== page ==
Prince performs at his final concert at the Fox Theater in Atlanta on April 14, 2016. Photo: Amiee Stubbs
When I was young, which was a very long time ago indeed, two men ruled the charts. One was the king of an Indiana dynasty. The other was the prince of Minneapolis. My cousins and I would go crazy the minute we heard one of their songs on the radio, or whenever my uncle played them at a cookout. We dreamed of being P.Y.T.s or the beautiful ones who wanted to be starting something in the purple rain. Yeah, we were corny but we were ten—we owned silliness the same way we put summer in our pockets and danced with fireflies.
We breathed our fathers’ record collections because ours consisted of Selected Hits from The Jungle Book and Big Bird Sings the Blues—our collections had joy but theirs had soul. There came to pass, as it always does, a day when I wanted music that was mine—voices that weren’t mimicking my parents but were an echo of the things I might say if I knew how. Lucky for me it was almost Christmas. At the top of my list in nearly illegible purple Crayola marker, I wrote “Purple Rain on wax” (which loosely translates to “that instant classic on vinyl” for y’all). I loved the King of Pop, I truly did. Still do. But being ten means making hard choices and since the moment I’d seen Prince dancing in his “proper-behaviour” defying ensemble of heels, a speedo, and a trenchcoat I was hypnotized. Later, when I heard the bassless opus of outstandingness that is “When Doves Cry” Prince took me from hypnotized directly into brainwashed. I’m still under his thrall.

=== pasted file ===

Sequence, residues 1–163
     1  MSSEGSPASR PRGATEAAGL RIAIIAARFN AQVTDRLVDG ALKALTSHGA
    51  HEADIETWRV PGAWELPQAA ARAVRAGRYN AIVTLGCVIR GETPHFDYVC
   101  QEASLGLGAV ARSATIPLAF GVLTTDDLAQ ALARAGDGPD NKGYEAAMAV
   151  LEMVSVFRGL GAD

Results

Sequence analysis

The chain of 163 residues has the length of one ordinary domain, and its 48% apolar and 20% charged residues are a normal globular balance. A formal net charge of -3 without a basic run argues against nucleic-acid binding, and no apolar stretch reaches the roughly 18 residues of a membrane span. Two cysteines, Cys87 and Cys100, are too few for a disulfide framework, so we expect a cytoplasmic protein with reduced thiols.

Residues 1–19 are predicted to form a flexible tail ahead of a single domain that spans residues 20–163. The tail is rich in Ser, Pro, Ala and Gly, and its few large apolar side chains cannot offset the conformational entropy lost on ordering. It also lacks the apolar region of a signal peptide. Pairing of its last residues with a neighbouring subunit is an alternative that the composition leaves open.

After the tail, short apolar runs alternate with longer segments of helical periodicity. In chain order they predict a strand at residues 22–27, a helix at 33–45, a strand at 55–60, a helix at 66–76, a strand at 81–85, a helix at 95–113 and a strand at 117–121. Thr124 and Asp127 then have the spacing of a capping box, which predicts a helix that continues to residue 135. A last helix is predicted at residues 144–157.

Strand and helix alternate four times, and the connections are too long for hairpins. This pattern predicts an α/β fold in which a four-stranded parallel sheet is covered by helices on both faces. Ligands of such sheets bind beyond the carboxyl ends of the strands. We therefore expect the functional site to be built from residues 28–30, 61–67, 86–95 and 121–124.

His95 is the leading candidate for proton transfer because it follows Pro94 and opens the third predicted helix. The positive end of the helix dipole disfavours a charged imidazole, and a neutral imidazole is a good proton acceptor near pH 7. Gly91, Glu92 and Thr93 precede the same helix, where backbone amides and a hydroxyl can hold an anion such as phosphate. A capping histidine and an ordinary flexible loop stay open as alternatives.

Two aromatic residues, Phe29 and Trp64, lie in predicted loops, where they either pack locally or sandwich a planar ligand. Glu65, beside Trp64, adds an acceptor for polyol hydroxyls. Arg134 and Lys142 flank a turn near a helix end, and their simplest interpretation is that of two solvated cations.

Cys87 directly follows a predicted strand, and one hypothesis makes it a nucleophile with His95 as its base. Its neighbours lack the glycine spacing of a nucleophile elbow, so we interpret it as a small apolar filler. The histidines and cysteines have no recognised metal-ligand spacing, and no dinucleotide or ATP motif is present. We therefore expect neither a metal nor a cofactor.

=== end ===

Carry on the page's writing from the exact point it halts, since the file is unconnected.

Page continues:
It’s perfectly reasonable that when an approximately 12” square gift appeared under my Christmas tree, lovingly wrapped, with my name on it, I was already singing, “…’cause baby I’mma star, whoa oh whew…” My actions after I opened my gift and saw Michael Jackson’s handsome face [circa 1982] were equally reasonable—I laser beamed (it was the 80s) the meanest of side eyes at my father. If I hadn’t feared for my life, dude [aka dad] would’ve gotten the finger. He thought Prince was a degenerate, but my father had the wrong ‘D’, Prince was a disruptor of the genius class. You can’t point to anything in rock that doesn’t now have a purple cast when you turn it in the light. That’s what being an icon does.
These days I no longer need permission to buy music that’s mine. I can dance in my own speedo and trenchcoat; I can sit in cafes sipping coffee with a side of starfish, or dream of snow in April. I can do all of this because there was a Prince here once…but now he’s gone to dance in endless summer, among the fireflies we call stars.